The heady days of the Yugoslav film industry during the Tito years makes for a highly entertaining slab of social, political and cinematic history.
One of 2010's greatest films – and one that sadly failed to secure cinema distribution in the UK – was a documentary called The Autobiography of Nicolae Ceausescu by the Romanian director Andrei Ujica. It pieced together an informal history of Romania during the fraught Ceausescu years using only footage captured by the dictator's own media department.
With the excellent, if far more user friendly and conventional Cinema Komunisto, director Mila Turajlic has pulled off a similar trick, only this time telling the story of modern Yugoslavia until its break-up in 1992 but entirely through its surprisingly gargantuan cinematic output.
Yugoslav president Josip Tito saw himself as something of a cinephile, and not only made great efforts to financially bolster his country's burgeoning film industry, but would organise private screenings of all the new films to ensure that he saw them first.
His personal projectionist was suddenly elevated to the status of royalty among the local film community, as he was the only one with a direct line to Tito's cinematic likes and dislikes. And if it happened that Tito was particularly fond of a film or an actor, back-room machinations made sure that those titles were nudged into the limelight or littered with awards.
Obviously, the agressive political influence on the film industry had a major effect on creative and ideological output, with most films offering a cheerfully celebratory vision of life in Yugoslavia. Lightly revisionist war films were also highly popular, with the triumphant ejection of the Nazis from the North of the country comprising the template for a huge number of gaudy and sentimental genre epics.
The breadth of Turajlic's research is palpably vast, and she has secured fascinating interviews with directors and actors who were a major part of this flourishing industry. Not only are their testimonies revealing and passionate, but they locations in which they are filmed – grubby apartments that overflow with dog-eared memorabilia and rusting film cans, the country's now derelict film archive – reinforce what a massive deal cinema was back then.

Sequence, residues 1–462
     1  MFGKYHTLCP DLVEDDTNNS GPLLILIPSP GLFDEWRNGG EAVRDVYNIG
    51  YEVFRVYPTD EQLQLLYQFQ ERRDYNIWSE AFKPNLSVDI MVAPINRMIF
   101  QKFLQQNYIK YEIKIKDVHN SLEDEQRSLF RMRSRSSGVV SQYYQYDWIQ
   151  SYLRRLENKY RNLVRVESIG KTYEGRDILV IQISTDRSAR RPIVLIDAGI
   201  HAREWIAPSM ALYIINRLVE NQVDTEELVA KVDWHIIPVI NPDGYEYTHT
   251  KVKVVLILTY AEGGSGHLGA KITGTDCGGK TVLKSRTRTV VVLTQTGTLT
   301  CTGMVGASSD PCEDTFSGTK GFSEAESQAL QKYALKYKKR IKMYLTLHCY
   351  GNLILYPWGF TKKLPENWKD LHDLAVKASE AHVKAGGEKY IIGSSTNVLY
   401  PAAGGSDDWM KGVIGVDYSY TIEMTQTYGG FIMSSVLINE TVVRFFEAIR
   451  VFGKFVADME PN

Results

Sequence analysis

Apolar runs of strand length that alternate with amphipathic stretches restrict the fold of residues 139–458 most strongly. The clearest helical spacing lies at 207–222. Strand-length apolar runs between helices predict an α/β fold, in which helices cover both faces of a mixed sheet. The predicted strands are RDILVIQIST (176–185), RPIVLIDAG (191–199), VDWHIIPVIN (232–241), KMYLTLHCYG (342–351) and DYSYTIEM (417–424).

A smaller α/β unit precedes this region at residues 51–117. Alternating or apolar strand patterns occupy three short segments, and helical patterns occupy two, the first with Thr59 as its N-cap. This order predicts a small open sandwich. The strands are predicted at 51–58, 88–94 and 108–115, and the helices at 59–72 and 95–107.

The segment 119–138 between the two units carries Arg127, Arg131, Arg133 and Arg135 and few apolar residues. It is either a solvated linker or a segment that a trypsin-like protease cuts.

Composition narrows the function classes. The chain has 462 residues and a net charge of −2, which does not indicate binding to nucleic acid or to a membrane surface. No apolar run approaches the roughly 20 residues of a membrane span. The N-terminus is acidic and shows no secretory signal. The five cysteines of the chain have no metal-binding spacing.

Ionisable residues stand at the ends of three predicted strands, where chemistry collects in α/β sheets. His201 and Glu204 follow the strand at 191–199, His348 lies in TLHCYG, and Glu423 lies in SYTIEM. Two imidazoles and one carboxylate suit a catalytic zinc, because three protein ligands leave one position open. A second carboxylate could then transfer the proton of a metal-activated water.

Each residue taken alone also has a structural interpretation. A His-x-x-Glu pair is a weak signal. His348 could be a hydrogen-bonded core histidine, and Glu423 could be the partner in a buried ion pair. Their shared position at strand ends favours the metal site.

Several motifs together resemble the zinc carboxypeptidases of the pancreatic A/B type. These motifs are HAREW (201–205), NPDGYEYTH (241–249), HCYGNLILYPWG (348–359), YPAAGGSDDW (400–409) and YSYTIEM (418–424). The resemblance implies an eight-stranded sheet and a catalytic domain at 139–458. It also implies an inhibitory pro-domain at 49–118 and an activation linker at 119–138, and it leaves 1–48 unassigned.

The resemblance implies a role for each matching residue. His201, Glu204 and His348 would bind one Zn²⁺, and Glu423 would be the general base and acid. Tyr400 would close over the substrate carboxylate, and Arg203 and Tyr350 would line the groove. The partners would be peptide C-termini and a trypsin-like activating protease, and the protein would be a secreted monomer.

Of all the juicy anecdotes, the best revolves around the production of Veljko Bulajic's The Battle of Neretvi from 1969. An all-star Hollywood cast were flown in, including Yul Brynner and Orson Welles. All held court at the Belgrade Metropol hotel which became the country's de-facto nucleus for celebrity hob-nobbing.
At the climax of this epic film, in order to preserve the realism of the events being depicted, director Bulajic insisted that a real bridge be blown up instead of a model. The plan was to then turn the semi-smashed railway trestle into a national landmark. And it worked, as people still visit the site in costume to pay homage to the film.
So the film is a model of meaty social history, but it also suggests that when searching for the political history of now non-existent country, we can see it all refracted through the collected cultural output. But beyond the fractured Yugoslav boarders, the film works as a general celebration of the cinematic form and how it has become an invaluable way of documenting the past.
At last! A chronicle of the Yugoslav film industry. Woo-hoo?
An informative, funny and tragic account of a thriving national cinema that was killed off in its prime.
A great way to get the inside track on loads of weirdo sixties war movies without having to sit through them. Result!